Over the weekend I headed to McDonalds for dinner. I admit it, we go there at least once per week. Tom usually always gets two double cheeseburgers--which used to be on the dollar menu but thanks to this economy, they've now been bumped to $1.19 a piece.
I never know what I'm going to get until I get to McDonalds. This tends to irritate Tom who demands to know what I want the second we pull into the drive thru lane. Even if there are a line of cars in front of us, he'll constantly ask what I'm going to get.
"Let me think," I'll say calmly, which causes him to toss his hands in the air with frustration.
Honestly, why do I need to know what I want the second we get to McDonalds? I have my own method: I breathe in the delicious McDonalds smell swirling around the air and then I imagine myself eating different things.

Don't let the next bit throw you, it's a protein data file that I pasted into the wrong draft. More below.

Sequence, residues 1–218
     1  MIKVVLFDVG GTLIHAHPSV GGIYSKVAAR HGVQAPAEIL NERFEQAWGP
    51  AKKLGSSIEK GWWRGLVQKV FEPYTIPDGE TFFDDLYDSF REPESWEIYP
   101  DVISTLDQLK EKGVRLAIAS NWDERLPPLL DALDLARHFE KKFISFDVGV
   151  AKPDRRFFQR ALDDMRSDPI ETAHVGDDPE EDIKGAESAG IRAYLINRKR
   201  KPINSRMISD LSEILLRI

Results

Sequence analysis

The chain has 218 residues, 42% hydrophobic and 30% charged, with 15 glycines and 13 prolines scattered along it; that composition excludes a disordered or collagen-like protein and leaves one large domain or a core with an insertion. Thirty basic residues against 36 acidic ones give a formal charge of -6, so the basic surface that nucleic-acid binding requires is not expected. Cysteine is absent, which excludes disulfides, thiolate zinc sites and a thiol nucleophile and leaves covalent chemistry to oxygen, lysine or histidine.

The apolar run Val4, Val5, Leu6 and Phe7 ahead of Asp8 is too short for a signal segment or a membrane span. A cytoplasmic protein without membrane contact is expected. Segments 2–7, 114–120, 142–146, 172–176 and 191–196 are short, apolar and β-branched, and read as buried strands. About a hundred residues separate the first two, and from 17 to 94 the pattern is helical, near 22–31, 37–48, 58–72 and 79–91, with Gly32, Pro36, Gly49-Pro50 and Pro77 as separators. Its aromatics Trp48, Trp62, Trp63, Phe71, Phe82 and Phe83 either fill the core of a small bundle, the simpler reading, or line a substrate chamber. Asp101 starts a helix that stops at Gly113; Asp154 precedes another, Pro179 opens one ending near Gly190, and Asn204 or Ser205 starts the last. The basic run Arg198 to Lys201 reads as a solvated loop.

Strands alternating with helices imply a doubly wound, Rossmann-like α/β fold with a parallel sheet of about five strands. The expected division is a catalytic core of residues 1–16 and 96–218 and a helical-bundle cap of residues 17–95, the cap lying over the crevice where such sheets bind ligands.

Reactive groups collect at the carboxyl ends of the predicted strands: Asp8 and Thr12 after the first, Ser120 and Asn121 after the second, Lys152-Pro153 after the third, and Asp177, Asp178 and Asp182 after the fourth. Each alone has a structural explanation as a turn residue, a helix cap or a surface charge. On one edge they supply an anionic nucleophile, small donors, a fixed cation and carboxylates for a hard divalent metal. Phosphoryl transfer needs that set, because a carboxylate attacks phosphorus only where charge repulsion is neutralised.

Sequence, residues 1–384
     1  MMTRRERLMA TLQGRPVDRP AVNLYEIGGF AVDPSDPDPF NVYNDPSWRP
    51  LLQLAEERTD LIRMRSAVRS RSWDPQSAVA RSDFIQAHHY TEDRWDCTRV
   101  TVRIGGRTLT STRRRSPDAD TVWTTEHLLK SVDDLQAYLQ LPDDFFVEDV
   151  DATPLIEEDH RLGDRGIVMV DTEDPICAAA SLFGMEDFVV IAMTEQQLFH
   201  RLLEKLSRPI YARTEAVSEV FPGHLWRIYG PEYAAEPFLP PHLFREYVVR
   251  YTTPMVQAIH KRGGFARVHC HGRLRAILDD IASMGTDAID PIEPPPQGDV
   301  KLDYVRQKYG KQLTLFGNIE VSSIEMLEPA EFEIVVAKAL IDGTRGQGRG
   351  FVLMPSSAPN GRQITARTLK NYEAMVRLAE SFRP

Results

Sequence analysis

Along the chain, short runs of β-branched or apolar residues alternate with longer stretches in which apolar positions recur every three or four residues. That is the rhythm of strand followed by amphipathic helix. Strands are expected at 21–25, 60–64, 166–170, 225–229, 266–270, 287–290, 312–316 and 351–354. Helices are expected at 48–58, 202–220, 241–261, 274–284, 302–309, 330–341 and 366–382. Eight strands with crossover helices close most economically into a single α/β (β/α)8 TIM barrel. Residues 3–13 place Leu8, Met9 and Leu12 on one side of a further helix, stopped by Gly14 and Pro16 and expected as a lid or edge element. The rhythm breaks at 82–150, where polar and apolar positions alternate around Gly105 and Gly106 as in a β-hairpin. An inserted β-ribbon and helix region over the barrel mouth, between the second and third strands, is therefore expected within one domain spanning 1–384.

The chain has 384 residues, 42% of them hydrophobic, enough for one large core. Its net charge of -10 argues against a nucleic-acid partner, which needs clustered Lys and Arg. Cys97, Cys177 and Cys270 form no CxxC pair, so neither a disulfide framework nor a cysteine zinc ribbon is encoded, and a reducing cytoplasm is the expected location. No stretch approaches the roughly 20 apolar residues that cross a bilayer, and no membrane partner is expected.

I even take air bites, which Tom thinks is extremely weird.
"Uh? What are you doing?" he asked when we were first dating and had walked into McDonalds. I had just taken a mouth full of air and was trying to determine whether I wanted the chicken nuggets or the quarter pounder with cheese.
"I'm picturing myself eating the nuggets or the quarter pounder and determining which one excites my stomach more," I answered matter-of-factly. I took another bite for good measure.
I know. Sometimes I wonder how I managed to get married too. Most men would have turned and walked away quickly. They would have met up with their friends and been all, "Dude. She was like, eating AIR."